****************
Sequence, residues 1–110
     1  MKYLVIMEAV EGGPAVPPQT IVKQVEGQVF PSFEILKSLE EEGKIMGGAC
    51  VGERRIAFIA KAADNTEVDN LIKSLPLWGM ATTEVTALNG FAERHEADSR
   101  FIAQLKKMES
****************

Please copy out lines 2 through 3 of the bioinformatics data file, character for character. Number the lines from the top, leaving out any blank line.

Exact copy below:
     1  MKYLVIMEAV EGGPAVPPQT IVKQVEGQVF PSFEILKSLE EEGKIMGGAC
    51  VGERRIAFIA KAADNTEVDN LIKSLPLWGM ATTEVTALNG FAERHEADSR